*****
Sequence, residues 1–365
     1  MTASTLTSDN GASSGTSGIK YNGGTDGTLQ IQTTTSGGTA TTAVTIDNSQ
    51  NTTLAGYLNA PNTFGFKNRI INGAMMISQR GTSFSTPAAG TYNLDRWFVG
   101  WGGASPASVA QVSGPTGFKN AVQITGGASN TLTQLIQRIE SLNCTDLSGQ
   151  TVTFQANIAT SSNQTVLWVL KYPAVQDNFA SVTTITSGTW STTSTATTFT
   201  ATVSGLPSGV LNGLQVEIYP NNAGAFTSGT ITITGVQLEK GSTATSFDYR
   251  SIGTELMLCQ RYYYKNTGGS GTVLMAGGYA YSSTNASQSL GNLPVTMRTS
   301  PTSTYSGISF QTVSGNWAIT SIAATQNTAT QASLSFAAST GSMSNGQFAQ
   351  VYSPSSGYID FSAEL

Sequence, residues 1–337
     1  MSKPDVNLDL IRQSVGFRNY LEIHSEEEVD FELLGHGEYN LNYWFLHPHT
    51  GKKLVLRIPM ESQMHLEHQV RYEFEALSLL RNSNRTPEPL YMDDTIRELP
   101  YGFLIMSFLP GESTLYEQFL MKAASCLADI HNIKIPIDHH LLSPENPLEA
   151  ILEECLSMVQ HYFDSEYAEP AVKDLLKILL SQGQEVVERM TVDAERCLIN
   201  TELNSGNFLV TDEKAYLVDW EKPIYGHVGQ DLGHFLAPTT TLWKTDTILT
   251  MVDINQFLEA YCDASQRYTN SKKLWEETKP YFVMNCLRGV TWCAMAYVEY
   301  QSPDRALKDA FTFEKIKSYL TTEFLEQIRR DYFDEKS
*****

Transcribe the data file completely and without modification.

Sequence, residues 1–365
     1  MTASTLTSDN GASSGTSGIK YNGGTDGTLQ IQTTTSGGTA TTAVTIDNSQ
    51  NTTLAGYLNA PNTFGFKNRI INGAMMISQR GTSFSTPAAG TYNLDRWFVG
   101  WGGASPASVA QVSGPTGFKN AVQITGGASN TLTQLIQRIE SLNCTDLSGQ
   151  TVTFQANIAT SSNQTVLWVL KYPAVQDNFA SVTTITSGTW STTSTATTFT
   201  ATVSGLPSGV LNGLQVEIYP NNAGAFTSGT ITITGVQLEK GSTATSFDYR
   251  SIGTELMLCQ RYYYKNTGGS GTVLMAGGYA YSSTNASQSL GNLPVTMRTS
   301  PTSTYSGISF QTVSGNWAIT SIAATQNTAT QASLSFAAST GSMSNGQFAQ
   351  VYSPSSGYID FSAEL

Sequence, residues 1–337
     1  MSKPDVNLDL IRQSVGFRNY LEIHSEEEVD FELLGHGEYN LNYWFLHPHT
    51  GKKLVLRIPM ESQMHLEHQV RYEFEALSLL RNSNRTPEPL YMDDTIRELP
   101  YGFLIMSFLP GESTLYEQFL MKAASCLADI HNIKIPIDHH LLSPENPLEA
   151  ILEECLSMVQ HYFDSEYAEP AVKDLLKILL SQGQEVVERM TVDAERCLIN
   201  TELNSGNFLV TDEKAYLVDW EKPIYGHVGQ DLGHFLAPTT TLWKTDTILT
   251  MVDINQFLEA YCDASQRYTN SKKLWEETKP YFVMNCLRGV TWCAMAYVEY
   301  QSPDRALKDA FTFEKIKSYL TTEFLEQIRR DYFDEKS